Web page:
He didn’t talk much during the dates, and at the end of the date I said a couple times, maybe you could call me during the week? His response was more or less ‘Well, you know my number, you can call me if you want.’ (I didn’t).

          Well I think since I asked him to do me the simple favor of phoning me, a simple, “Sure I’ll do that” followed up by doing it, would’ve been far better than, “No I wont. But you can, if you want.”

          It’s not like I was asking a lot. Just that we only saw each other the once a week (the only day we were both not working), and I thought it would’ve been nice to have an actual conversation or two during the week, between dates. And not a conversation that I had to force upon him, though he didn’t really want it.

          He also had a harem of female friends and poor boundaries with women. So the lack of voice-to-voice communication between dates was not his only problem.

          I look back and realize he had no need to engage me in conversation because he was having all his needs for conversations with the opposite sex fulfilled by all his ‘close female friends’. Meanwhile who was fulfilling my needs for emotional intimacy with my significant other? No one. He was having that need met by other women. I think he just wanted me around for something pretty to show off (almost like I was his ‘beard’ to cover up that he is actually a player), and for something to have sex with. (which he never got!) haha.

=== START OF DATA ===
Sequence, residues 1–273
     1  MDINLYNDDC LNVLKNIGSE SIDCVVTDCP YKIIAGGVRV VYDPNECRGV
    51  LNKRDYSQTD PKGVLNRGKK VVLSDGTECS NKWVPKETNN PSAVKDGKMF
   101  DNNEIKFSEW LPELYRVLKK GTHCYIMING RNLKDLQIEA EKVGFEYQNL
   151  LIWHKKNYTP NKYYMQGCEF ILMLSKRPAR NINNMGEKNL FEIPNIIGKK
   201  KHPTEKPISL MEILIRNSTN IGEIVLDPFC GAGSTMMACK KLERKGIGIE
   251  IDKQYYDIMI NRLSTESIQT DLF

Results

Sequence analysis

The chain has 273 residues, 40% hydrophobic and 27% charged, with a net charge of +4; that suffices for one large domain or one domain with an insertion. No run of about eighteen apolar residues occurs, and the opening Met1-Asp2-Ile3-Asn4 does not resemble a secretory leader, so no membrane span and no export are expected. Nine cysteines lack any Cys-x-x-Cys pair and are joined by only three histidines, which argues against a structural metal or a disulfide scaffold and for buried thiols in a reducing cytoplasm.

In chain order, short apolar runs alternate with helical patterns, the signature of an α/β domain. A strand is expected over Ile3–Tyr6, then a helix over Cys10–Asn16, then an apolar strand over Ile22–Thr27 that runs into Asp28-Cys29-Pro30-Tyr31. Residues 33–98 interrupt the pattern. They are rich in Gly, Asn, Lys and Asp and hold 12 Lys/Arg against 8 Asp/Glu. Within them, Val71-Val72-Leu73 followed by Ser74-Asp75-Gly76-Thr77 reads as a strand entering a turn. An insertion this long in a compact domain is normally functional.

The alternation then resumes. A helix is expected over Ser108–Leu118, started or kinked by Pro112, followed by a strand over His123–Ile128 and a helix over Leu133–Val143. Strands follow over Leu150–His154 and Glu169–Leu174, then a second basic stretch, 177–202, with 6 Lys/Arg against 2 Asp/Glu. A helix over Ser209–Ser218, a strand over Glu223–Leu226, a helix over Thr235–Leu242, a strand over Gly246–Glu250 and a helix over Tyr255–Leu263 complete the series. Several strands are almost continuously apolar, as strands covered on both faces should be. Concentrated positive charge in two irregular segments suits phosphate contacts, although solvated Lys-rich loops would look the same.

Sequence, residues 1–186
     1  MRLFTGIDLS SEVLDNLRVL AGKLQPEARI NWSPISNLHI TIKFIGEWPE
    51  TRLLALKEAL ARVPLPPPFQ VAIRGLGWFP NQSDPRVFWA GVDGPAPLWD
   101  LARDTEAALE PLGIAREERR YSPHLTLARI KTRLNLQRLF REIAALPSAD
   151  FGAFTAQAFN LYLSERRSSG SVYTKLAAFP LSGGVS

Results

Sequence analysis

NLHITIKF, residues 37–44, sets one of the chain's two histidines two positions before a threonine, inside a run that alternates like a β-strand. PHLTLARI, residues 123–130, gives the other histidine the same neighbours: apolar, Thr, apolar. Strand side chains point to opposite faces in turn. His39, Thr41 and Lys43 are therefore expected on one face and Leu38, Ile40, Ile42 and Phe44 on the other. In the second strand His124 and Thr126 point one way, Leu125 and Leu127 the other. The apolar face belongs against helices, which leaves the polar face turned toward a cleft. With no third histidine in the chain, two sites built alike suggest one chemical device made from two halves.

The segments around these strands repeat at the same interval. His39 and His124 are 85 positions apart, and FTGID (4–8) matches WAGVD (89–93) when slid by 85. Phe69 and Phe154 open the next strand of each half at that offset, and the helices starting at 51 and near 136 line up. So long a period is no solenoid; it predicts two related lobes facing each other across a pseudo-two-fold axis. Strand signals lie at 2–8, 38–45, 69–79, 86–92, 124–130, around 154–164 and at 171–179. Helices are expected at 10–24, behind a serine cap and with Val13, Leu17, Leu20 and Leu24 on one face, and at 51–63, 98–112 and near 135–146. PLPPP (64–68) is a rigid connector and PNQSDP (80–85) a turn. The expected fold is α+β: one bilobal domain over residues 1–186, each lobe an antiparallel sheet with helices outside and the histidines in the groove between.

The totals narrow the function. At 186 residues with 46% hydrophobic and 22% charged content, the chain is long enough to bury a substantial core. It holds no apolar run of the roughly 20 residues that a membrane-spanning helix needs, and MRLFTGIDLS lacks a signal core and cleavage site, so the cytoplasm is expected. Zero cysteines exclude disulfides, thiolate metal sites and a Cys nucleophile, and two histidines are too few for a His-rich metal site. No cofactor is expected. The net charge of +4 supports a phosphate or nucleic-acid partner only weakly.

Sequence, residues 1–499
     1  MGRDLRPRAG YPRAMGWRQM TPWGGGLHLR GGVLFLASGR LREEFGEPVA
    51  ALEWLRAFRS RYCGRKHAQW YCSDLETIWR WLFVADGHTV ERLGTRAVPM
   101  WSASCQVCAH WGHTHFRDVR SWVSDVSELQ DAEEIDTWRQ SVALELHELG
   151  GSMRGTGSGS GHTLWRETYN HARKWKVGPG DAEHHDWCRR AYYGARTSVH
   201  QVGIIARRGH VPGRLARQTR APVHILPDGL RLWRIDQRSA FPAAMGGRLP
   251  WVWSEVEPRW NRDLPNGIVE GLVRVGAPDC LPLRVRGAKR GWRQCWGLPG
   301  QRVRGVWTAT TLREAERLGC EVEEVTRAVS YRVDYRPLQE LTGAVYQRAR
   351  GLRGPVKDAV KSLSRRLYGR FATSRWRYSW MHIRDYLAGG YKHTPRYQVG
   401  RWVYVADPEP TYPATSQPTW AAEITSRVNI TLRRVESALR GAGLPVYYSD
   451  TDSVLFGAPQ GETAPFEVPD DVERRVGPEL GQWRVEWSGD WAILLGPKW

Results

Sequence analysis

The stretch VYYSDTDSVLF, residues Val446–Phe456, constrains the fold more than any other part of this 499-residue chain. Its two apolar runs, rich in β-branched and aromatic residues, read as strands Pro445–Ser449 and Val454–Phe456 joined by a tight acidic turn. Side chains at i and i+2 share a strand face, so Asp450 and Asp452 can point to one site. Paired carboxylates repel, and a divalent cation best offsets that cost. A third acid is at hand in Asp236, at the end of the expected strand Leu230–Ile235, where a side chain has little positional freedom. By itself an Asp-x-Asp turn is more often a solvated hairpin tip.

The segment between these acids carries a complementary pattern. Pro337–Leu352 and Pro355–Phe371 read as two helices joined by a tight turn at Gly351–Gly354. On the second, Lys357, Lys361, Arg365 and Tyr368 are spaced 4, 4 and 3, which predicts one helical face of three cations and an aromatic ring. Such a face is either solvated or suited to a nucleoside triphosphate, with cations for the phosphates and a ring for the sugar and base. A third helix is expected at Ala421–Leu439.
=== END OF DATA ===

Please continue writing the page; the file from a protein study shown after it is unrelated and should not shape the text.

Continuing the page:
Why would I want to give sex to a man who makes NO effort to engage me on an emotional level, or to meet my needs for closeness, and intimacy, who made me feel like I was 2nd or maybe 30th in line in priority behind all his female friends and not special? No a man like that will not get sexual gratification from me! Sorry!